With a hefty prod from next-gen, family offices are steadily extending their commitment to the fight against climate change. Members of the Rockefeller family led the divestment of investments in fossil fuels in 2014.
A survey by UBS in 2019 found that 53% of families agreed climate change was the biggest single threat they faced. Pension schemes and a fair number of corporates are belatedly raising their game.
Willis Towers Watson said half the companies in the S&P 500 index use ESG goals in incentive plans in various ways: “But few give them the importance it deserves.” It estimates that no more than 4% of long-term incentive plans embrace ESG metrics
Auditors are even discussing the incorporation of sustainable factors into mainstream corporate accounting standards, to make good the confusion and deficiencies which surround a variety of ESG benchmarks currently used by activists.
However, a deafening silence surrounds the scale of executive pay which can be influenced by the occasional green metric, but never takes full account of the impact of boardroom decisions on the planet.
The importance of the subject has not eluded Mark Carney, former Bank of England governor, who said in October that banks should link executive pay to the management of climate risks.
Leading banks have often voiced their commitment to hitting net-zero carbon emissions by 2050 but they have broadly failed to spell out their commitment to the green pay idea. But Deutsche Bank broke ranks in December to link executive pay to its progress in meeting sustainability goals.
Its new policy will measure the scale of its sustainable loans and take account of a rating assessment of its ESG stance. It has also pledged to convert its buildings to be powered by renewable energy by 2025.
BNP Paribas has tied 20% of its pay to meeting ESG criteria. HSBC and UniCredit also take some account of the issue. JP Morgan is considering the idea. Under pressure from its shareholders, Shell executives agreed to link executive pay to carbon emission targets in 2018 and rival oil majors like BP and Total are inserting ESG metrics into pay discussions.
A range of other companies are making a nod in the same direction.
Earlier this year, Simon Patterson, managing director of pay consultant Pearl Meyer, said progress had been made.
But he added: “The impact is often muffled. ESG measures can lack a specific weighting in the overall incentive plan and just be included as one of a number of broad objectives against which senior managements are judged as a basis for assessing annual incentive payouts.”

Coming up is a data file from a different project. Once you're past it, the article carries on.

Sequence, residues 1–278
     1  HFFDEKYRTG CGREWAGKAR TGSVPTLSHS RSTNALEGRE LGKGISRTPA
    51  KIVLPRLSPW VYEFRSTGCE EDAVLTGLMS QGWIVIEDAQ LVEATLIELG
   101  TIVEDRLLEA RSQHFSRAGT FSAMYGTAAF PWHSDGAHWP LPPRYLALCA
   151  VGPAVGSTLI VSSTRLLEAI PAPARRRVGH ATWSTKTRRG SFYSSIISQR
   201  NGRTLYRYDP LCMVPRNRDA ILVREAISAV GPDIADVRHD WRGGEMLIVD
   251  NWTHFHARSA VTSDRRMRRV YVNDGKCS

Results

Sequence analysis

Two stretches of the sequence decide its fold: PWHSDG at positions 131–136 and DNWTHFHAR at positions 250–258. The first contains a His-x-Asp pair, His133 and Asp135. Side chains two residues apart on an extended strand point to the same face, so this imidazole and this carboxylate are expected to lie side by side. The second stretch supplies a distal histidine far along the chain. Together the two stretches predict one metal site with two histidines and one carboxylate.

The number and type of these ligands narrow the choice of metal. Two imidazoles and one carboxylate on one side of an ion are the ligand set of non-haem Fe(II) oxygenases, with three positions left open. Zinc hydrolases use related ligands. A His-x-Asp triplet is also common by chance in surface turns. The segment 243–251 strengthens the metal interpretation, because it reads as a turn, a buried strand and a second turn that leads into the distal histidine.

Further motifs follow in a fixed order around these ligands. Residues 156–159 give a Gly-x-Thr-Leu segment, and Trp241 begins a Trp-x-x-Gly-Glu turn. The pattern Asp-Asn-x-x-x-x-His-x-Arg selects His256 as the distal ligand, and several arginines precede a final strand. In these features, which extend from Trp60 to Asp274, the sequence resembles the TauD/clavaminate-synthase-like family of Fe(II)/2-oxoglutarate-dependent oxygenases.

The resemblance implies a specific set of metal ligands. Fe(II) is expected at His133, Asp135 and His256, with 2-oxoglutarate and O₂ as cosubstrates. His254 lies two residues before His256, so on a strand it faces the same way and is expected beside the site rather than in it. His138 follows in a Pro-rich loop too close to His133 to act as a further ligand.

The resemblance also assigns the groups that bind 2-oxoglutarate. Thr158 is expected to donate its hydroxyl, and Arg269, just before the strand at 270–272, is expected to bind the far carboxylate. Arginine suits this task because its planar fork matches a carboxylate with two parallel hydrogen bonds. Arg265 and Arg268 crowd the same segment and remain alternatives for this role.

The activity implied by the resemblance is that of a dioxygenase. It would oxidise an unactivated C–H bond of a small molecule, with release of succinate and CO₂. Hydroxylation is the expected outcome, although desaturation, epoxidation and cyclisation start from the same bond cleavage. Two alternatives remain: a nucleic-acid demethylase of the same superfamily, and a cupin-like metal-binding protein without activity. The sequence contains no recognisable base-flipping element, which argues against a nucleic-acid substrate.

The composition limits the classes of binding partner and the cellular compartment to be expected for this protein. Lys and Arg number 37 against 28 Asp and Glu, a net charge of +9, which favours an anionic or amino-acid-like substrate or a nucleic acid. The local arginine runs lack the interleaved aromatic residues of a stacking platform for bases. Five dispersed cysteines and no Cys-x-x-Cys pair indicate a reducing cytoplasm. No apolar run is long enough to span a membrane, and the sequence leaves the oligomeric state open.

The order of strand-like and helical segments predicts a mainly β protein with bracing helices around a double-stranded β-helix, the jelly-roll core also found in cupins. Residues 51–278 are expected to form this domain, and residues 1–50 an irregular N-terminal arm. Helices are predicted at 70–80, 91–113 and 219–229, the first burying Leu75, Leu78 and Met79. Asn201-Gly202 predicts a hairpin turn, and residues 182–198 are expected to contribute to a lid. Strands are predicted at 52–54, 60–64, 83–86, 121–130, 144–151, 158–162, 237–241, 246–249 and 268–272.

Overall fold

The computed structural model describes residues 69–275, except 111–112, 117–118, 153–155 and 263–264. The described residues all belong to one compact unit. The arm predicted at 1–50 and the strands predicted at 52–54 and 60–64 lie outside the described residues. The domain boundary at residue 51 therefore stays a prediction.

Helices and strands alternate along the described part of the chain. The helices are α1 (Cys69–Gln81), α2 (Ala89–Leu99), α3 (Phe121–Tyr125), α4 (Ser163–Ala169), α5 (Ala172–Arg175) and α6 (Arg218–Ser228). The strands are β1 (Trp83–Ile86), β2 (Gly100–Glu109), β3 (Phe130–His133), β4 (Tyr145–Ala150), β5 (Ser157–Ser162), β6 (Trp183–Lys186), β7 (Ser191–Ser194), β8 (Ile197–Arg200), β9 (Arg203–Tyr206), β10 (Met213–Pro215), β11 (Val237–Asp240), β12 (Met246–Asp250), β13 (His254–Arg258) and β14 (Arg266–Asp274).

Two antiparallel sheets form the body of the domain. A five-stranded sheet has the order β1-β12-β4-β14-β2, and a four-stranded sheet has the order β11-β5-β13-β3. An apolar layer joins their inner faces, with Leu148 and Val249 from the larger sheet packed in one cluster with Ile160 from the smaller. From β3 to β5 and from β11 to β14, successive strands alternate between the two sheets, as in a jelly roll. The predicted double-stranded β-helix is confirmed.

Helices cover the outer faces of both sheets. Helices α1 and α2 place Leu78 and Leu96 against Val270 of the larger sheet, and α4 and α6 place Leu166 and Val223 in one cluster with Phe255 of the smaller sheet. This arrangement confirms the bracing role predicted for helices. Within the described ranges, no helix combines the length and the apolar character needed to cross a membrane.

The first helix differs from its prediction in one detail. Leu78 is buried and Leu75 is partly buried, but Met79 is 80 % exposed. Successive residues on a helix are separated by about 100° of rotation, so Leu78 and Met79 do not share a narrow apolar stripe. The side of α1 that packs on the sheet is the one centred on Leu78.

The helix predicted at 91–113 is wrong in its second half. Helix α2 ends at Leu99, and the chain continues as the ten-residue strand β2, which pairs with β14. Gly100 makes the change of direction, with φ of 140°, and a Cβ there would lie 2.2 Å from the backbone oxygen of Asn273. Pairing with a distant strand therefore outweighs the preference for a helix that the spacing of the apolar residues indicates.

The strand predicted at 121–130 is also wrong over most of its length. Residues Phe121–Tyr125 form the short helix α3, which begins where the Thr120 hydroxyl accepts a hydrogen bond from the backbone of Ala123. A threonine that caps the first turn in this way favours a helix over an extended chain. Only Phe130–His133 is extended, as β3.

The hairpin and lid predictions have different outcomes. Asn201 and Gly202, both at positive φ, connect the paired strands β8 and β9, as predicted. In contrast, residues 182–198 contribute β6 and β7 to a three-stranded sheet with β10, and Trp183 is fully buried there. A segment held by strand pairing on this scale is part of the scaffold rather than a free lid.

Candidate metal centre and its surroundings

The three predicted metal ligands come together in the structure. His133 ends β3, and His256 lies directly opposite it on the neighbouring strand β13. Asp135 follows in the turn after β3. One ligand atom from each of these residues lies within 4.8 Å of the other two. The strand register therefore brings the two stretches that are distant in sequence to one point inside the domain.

In December, consultant Willis Towers Watson said half the companies in the S&P 500 index use ESG goals in incentive plans in various ways: “But few give them the importance it deserves.” It estimates that no more than 4% of long-term incentive plans embrace ESG metrics.
Asset managers have embraced sustainability but far too often as a source of fee income. Fund launches can be sloppy. In a recent survey, Common Wealth, the think tank, found that a third of ESG funds in the UK have invested in oil and gas stocks, while a third are driven by technology and financial sector rather than decarbonisation.
Managers remain coy when it comes to pushing for fairer, or greener, executive pay packages for fear of causing offence. One equity manager once told me it was high time executive pay fully employed green benchmarks but refused to go public because it would upset her boss – and his unsustainable pay scales.
Asset managers should know better. Millennials are not only inheriting family offices. They are moving into positions of influence across the financial sector. They expect transparency. And according to Morgan Stanley, 67% of them devoutly believe their investment decisions are a way to express social, political and environmental values.
Around 58% of employees consider a company’s social and environmental commitments when deciding to work.
No less than 91% of investors managing $26 trillion, according to advisory firm Morrow Sodali, believe climate change is now their top engagement priority.
Around 81% said poor disclosure of performance targets ought to lead to a vote against executive remuneration. We should expect a lot more debate relating to the sustainability of executive pay and rations in the coming years.
After all, nobody likes a free rider.